Drinking water inequities threaten the environmental wellness of U.S. and global poorer communities. Part 3 of our 10-part series on how you can break through barriers blocking you from a life well-lived using the benefits of wellness practice. The series will follow foundational concepts related to wellness and the 9 Dimensions of Wellness.
What is Environmental Wellness?
Environmental wellness involves meeting the U.S. Department of Health and Human Services' five social determinants of health (SDOH) that create and sustain the natural, built, and social environment.
These conditions include but are not limited to achieving goals for people to be “born, live, learn, work, play, worship, and age” in environments that promote economic stability, accessible quality education, accessible quality health care, neighborhoods that are safe from corrupted water supply and toxic air pollutants, and social support instead of discrimination and bullying8.
What is Environmental Justice?
Environmental justice is the fair treatment and meaningful involvement of all people, [including, “minority, low-income, tribal, and indigenous populations”], regardless of race, color, national origin, or income, with respect to the development, implementation, and enforcement of environmental laws, regulations, and policie2,3.
This applies but is not limited to “measurable and significant” reduction in “disparities in childhood blood lead levels, [from 3.31 to1.18 micrograms per deciliter (µg/dL)], and working to ensure that all people served by small community and tribal water systems have drinking water that meets applicable health-based standards”; a “reduce[d] amount of toxic pollutants released into the environment, [from 1.69 to 1.86 Million tons]”; reduced “number of days people are exposed to unhealthy air” [from 4.29 to 3.87 Billion Quality Index (AQI)-weighted people days]; reduced childhood and adult hospitalizations and “asthma deaths” and chronic obstructive pulmonary disease (COPD); an increase[d] proportion, [from 72.8% to 77.1%], of people whose water systems have the recommended amount of fluoride”; a reduce[d] proportion of families, [from 34.6% to 25.5%], that spend more than 30 percent of income on housing”2, 3, 7. For more information visit the resource section of this article.
Why Environmental Wellness and Justice are Important
Every being on this planet is affected by our global collective health - anyone, from “pet owners, travelers, and farmers to anyone who buys and eats food or drinks or swims in water”9.
Natural, built, and social environmental wellness and environmental justice are vital factors in our perceived available life choices, access to quality health care, our habits and routines, quality of life, generational wealth assets, citizenship, and life expectancy8,4.
Effects of Our Collective Behaviors on Our and Earth’s Well-Being
The Global & U.S. Water Crises
This is what I saw when typing in the search “water crisis” in Google.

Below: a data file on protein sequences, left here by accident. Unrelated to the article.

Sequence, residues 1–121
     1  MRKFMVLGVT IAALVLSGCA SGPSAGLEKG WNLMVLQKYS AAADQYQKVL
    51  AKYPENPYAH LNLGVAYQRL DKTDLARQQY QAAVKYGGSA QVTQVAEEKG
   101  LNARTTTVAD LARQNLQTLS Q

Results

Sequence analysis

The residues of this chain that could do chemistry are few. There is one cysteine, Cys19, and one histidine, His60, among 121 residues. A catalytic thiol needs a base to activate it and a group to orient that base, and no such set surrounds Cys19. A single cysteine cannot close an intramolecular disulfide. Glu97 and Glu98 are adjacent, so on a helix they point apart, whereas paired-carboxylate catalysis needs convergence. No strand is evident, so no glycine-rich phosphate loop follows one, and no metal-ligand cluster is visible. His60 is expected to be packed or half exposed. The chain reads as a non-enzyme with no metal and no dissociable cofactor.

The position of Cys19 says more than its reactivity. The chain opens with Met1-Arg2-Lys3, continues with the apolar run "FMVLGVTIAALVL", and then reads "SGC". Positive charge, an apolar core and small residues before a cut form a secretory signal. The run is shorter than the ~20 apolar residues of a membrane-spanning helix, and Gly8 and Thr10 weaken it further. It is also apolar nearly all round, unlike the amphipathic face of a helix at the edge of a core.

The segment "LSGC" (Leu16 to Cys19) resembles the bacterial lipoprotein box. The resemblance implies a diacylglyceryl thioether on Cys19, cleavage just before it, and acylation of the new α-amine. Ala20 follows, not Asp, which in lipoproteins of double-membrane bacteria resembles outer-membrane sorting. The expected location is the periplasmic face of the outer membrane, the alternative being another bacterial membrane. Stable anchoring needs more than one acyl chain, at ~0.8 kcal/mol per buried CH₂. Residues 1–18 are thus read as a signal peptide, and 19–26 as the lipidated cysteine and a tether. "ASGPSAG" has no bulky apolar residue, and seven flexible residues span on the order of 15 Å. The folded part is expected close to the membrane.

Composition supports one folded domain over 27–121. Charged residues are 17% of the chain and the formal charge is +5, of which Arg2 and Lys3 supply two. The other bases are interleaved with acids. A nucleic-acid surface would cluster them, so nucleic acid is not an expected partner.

There are many areas around the globe experiencing water crises.
It seems this is not a political issue. Environmental justice and wellness is a world issue that affects us all.
Actions for Environmental Justice You Can Take at the Local Community Level
Generation Z is made up of “agents of change, entrepreneurs, and innovators”.
Their efforts to “accelerate climate action” are no different and speak to the urgency with which everyone can contribute to the longevity of our and our planet’s posterity.
Review tips for what you can do immediately and over time to protect our Earth:
9 things you can do right now to solve climate change
Join or start a volunteer group to protect finite drinking water sources
Work with water utility companies to learn about annual drinking water quality
U.S. and Global Actions and Technologies for a Sustainable Environment
“Local governments have a very important role to play in the protection of surface water, ground water, drinking water and wetlands, often filling in the gaps in state and federal regulations” according to Michigan State University’s recent 3-part article series.
Economic stability, access to quality education, accessible quality health care, safe neighborhoods uncorrupted by toxic water and air pollutants, and social support are the five social determinants of health imparted by the U.S. Department of Health and Human Services. To achieve health then, the USDHHS asserts these needs be met. However, national and global environmental injustices affecting particularly, minority, low-income, tribal, and indigenous populations lead to disparities throughout the lifespan that reduce quality of life. Anyone who lives on this planet is affected by our global collective health and is therefore responsible for its and our well-being. Actions that can be taken at the individual, local community, national, and global levels to ensure a sustainable environment into posterity were discussed.
Call to Action
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